Welcome to Scribd, the world's digital library. Read, publish, and share books and documents. See more
Standard view
Full view
of .
Save to My Library
Look up keyword
Like this
0 of .
Results for:
No results containing your search query
P. 1
Pure Jersey Autumn - Winter 2010-2011

Pure Jersey Autumn - Winter 2010-2011

Ratings: (0)|Views: 261 |Likes:
Published by Jersey Journey
Travel magazine about Jersey Channel Island in winter 2010
Travel magazine about Jersey Channel Island in winter 2010

More info:

Published by: Jersey Journey on Nov 16, 2010
Copyright:Attribution Non-commercial


Read on Scribd mobile: iPhone, iPad and Android.
download as PDF, TXT or read online from Scribd
See more
See less





Autumn/Winter 10/11
October on island
Ginny Buckley
A winter’s tale
Roger Thomas
Fine dining, bistrosand beach cafés
Norman Miller
Open all year
Nia Williams
Plus…Shopping, attractions, activitiesarts and crafts, events
Jerseyfile: Shopping, Spas, Artsand EntertainmentCarry on Conserving
How a wildlife charity and clifftopcastle wrap up warm for winter
Nia WilliamsJerseyfile: Places to VisitExpert Advice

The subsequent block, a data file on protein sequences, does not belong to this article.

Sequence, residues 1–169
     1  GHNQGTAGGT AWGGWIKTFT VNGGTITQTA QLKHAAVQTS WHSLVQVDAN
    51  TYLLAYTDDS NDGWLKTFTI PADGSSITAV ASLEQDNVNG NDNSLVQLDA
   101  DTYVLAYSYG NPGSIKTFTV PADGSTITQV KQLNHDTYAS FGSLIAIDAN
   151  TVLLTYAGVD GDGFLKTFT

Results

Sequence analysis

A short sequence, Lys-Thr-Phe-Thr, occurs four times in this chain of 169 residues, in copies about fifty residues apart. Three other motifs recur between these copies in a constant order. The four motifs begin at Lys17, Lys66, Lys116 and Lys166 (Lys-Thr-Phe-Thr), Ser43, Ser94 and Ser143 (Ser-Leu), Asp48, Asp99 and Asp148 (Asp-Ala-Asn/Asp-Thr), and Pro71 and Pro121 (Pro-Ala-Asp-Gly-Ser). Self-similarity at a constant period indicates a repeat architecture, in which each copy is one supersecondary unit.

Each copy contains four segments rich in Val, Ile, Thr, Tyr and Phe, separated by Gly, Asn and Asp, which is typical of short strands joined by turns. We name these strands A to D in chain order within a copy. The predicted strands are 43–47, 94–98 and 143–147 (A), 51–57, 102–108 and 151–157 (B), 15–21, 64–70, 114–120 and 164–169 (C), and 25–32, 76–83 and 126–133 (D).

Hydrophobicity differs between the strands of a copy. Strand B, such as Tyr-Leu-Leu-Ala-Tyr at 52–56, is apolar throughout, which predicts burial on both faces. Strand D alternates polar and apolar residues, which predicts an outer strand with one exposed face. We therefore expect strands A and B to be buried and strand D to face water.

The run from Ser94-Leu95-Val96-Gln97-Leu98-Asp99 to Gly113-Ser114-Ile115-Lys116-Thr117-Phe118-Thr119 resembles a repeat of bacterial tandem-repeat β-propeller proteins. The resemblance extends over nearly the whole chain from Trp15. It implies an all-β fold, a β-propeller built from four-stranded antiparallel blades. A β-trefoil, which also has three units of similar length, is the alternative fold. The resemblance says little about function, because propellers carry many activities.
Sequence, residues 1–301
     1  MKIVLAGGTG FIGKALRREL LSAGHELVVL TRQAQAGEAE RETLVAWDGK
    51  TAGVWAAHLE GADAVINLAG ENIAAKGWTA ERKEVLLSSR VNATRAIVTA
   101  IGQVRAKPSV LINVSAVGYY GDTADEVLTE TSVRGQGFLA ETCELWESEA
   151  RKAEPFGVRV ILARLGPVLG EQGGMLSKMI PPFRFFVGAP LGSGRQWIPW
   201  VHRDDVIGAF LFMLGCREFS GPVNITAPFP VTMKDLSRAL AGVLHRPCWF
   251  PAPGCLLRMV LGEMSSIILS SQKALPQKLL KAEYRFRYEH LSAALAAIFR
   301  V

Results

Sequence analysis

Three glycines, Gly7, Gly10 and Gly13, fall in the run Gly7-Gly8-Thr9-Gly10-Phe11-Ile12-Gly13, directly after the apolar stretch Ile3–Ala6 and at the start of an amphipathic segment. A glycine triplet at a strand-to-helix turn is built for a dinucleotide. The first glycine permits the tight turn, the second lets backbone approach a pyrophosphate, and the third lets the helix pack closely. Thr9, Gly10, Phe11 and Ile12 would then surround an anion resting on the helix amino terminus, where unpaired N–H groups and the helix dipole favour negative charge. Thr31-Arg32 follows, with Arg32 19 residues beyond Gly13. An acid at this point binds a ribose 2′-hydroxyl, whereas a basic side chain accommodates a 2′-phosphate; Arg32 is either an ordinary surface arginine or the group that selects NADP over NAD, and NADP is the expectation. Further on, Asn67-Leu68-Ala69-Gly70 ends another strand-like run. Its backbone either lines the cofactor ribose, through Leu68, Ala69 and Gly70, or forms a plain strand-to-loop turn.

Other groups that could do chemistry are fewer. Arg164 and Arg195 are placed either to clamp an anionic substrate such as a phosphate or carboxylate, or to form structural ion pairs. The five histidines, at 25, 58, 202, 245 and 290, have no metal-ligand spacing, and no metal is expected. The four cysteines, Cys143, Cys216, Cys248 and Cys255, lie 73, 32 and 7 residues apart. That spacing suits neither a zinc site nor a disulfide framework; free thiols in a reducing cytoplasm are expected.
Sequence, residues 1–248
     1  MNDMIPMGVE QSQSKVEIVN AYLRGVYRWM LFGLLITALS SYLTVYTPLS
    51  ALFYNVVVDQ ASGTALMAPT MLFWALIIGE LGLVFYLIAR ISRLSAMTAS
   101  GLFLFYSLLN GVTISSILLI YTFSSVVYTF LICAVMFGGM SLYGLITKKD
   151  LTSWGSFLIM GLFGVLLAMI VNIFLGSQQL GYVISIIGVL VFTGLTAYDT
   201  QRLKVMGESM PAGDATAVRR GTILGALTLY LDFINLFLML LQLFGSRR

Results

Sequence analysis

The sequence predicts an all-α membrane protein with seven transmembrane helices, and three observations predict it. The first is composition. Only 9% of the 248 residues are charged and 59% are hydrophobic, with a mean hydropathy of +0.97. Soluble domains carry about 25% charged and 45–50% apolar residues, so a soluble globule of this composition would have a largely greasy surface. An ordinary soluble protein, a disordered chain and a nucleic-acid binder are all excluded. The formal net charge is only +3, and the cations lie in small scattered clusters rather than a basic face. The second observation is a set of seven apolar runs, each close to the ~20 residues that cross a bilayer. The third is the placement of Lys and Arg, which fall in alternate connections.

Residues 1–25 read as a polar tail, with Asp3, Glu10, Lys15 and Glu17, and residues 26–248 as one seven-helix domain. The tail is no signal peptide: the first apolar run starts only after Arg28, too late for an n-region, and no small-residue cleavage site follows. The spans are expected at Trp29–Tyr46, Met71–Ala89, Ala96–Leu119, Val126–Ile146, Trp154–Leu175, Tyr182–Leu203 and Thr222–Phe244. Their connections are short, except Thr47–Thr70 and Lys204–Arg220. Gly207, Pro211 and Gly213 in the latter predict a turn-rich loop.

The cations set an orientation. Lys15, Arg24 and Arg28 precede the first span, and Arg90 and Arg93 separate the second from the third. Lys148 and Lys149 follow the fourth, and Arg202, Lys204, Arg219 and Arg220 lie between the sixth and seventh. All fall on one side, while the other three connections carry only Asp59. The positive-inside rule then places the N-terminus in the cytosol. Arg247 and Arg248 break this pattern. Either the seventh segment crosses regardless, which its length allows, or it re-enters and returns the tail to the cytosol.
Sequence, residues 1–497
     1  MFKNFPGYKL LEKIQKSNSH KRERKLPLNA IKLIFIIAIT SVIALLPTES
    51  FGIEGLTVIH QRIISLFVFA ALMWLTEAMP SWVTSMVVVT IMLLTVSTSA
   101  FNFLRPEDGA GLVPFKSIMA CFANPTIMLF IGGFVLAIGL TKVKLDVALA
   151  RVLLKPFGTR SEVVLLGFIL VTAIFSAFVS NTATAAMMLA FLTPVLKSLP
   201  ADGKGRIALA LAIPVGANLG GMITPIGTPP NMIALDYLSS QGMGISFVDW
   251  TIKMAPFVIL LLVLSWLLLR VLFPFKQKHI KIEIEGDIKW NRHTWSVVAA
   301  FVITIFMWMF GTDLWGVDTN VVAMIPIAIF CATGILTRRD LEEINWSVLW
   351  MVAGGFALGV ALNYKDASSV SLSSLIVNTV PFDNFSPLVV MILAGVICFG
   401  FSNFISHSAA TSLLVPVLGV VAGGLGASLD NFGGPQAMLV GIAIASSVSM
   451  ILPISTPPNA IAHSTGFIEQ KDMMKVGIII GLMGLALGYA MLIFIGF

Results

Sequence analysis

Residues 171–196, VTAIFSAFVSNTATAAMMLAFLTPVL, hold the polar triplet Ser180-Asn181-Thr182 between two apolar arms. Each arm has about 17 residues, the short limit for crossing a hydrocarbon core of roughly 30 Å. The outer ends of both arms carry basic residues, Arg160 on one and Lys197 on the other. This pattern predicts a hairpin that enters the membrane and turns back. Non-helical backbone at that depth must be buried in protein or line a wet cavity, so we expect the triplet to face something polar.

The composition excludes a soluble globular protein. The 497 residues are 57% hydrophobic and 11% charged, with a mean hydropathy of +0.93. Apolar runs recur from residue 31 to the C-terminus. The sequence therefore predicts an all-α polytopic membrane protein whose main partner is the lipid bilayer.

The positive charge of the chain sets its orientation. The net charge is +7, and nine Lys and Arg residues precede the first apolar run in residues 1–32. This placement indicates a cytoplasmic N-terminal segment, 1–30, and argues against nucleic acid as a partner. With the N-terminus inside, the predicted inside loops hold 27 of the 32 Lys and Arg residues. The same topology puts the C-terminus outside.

Inside information fromin-the-know locals
Sarah CilliersFestivals and Events34363738404142South Island
Autumn, apples, art… and absolutelyfabulous walking
Ginny BuckleyJerseyfile: ActivitiesCool Food
It’s all good and tasty, in cosy cafésand cosmopolitan restaurants
Norman MillerJerseyfile: FoodA Reindeer-Free Zone
A Christmas break with a difference
Roger Thomas
Inside pureJersey
A look atpureJersey
One of the bigchallenges posedby this little islandis that it takessome describing.Do you start atCorbièreLighthouse in the wild west? Or in a starryseafood bistro on the waterfront at StAubin? Do compelling prehistoric, medievaland World War Two monuments defineJersey? Or is it the cosmopolitan vibe youget in St Helier or some of the island’ssleek hotels and spas? And what comesfirst – Jersey’s idyllic beaches or its tranquilGreen Lanes? We’ve tried, in
, toanswer at least a few of those questions.I’m always telling friends that Jersey is theultimate short-break destination. It’sridiculously easy to get to by sea as well asair. Yet it’s surprisingly different (think of afusion between cream-tea Cornwall andcroissant-country just across the water,with a soupçon of city life thrown in). Andit’s absolutely packed with things to seeand do.I wore myself out trying – unsuccessfully –to fit everything into a weekend here lastChristmas. You can read all about it alongwith articles from TV travel presenterGinny Buckley, journalist Nia Williams andfood writer Norman Miller on otherautumn and winter island escapades. That’sthe other thing about
. It’s notthe usual holiday brochure full of bland,boring, this-could-be-anywheredescriptions. It’s a proper travel andlifestyle magazine that paints an honest,authentic picture of the island.Read on, and you’ll see that Jersey doesn’tshrink into its shell come autumn andwinter. It’s busier – and a lot bigger – than you may think.
Roger Thomas
Editor –
A Room with a View
St Aubin’s Bay fromthe Somerville Hotel